An Act for the public registring of all Deeds, Conveyances and Wills, that shall be made of any Honours, Manors, Lands, Tenements, or Hereditaments, within the West-Riding of the County of York, after the nine and twentieth Day of September, one thousand seven hundred and four.
An Act to repeal a Proviso in an Act of the fourth Year of the Reign of King William and Queen Mary, which presents the Citizens of the City of York from disposing of their Personal Estates by their Wills, as others inhabiting within the Province of York by that Act may do.
Books censured by the Commons.
In the mean time, the House of Commons having appointed a Committee to examine two Books, one entitled, Second Thoughts concerning the human Soul, as believed to be a Spiritual, Immortal Substance, united to human Body, to be a plain heathenish Invention, and not consonant to the Principles of Philosophy, Reason and Religion: The other, The Grand Essay; or, A Vindication of Reason and Religion against the Impostures of Philosophy. And the Committee having reported such Passages out of those Books, as were offensive, the House resolved, That the said Books contain'd divers Doctrines and Positions contrary to the Doctrine of the Church of England, and tending to the Subversion of the Christian Religion; and ordered the said Books to be burnt by the Hands of the common Hangman.
Queen signs Acts.
An Act for granting to her Majesty an additional Subsidy of Tonnage and Poundage for three Years, and for laying a further Duty upon French Wines, condemned as lawful Prize, and for ascertaining the Values of unrated Goods imported from the East-Indies.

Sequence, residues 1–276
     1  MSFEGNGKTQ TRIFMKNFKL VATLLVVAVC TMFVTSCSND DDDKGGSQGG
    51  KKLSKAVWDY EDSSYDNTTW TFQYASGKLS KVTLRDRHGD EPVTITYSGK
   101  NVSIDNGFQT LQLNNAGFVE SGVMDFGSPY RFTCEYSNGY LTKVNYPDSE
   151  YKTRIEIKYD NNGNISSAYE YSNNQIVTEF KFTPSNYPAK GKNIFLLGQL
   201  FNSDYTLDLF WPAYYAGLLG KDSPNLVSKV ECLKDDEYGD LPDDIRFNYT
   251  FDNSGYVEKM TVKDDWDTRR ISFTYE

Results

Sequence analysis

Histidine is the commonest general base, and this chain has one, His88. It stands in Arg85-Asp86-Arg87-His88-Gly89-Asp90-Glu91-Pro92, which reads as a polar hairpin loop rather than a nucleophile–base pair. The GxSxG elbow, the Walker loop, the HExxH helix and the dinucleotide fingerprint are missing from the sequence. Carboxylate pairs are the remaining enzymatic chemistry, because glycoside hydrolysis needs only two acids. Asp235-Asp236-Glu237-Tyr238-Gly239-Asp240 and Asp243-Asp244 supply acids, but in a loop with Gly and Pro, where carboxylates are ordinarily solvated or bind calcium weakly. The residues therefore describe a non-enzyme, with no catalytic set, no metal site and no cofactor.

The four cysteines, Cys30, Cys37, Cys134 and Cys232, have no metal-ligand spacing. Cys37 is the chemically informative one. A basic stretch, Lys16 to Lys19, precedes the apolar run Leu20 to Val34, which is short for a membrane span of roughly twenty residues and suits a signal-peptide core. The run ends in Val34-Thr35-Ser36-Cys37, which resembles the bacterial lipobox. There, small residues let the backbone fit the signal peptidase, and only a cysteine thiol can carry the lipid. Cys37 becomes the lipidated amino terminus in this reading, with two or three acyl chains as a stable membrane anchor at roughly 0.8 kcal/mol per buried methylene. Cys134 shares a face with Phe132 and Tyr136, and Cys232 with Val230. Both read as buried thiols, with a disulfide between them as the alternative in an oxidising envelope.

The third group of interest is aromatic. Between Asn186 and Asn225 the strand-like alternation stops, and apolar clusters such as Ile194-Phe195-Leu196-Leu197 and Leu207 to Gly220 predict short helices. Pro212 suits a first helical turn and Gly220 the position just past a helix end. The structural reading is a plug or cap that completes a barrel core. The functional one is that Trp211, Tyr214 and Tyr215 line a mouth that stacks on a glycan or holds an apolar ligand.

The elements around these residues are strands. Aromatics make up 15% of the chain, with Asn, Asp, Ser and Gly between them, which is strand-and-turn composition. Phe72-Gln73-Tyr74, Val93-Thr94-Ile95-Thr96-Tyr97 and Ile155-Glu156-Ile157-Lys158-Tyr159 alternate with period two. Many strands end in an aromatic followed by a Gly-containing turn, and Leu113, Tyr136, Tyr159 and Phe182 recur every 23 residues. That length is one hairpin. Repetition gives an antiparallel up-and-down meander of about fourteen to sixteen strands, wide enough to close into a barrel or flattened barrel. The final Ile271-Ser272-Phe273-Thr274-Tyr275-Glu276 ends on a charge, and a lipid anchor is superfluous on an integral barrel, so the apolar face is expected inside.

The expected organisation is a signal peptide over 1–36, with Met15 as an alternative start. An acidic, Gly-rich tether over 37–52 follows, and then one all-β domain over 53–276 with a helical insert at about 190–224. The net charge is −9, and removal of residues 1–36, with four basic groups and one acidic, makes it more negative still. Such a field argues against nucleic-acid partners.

An Act for the making more effectual her Majesty's gracious Intentions for the Augmentation of the Maintenance of the poor Clergy, by enabling her Majesty to grant in Perpetuity the Revenues of the First Fruits and Tenths; and also for enabling any other Persons to make Grants for the same Purpose.
An Act for punishing Mutiny, Desertion and false Musters, and for the better paying of the Army and Quarters, and satisfying divers Arrears: and for a further Continuance of the Power of the five Commissioners for examining and determining the Accounts of the Army.
Queen's Speech in Parliament.
'And I must thank you, Gentlemen, of the House of Commons, very particularly, for the great Forwardness and Zeal which you have shewn, both in the early Dispatch of the Supplies, and in making them so effectual for carrying on the Public Expence, without any additional Burdens upon the Country: It shall be my Care to improve this to the best Advantage.
'At the opening of this Session I did earnestly express my Desires of seeing you in perfect Unity among your selves, as the most effectual means imaginable to disappoint the Ambition of our Enemies, and reduce them to an honourable and lasting Peace; and though this has not met with all that Success which I wish'd and expected, yet being fully convinced, that nothing is so necessary to our common Welfare, I am not discouraged from persisting in the same earnest Desires, that you would go down into your several Countries, so disposed to Moderation and Unity, as becomes all those who are joined together in the same Religion and Interest.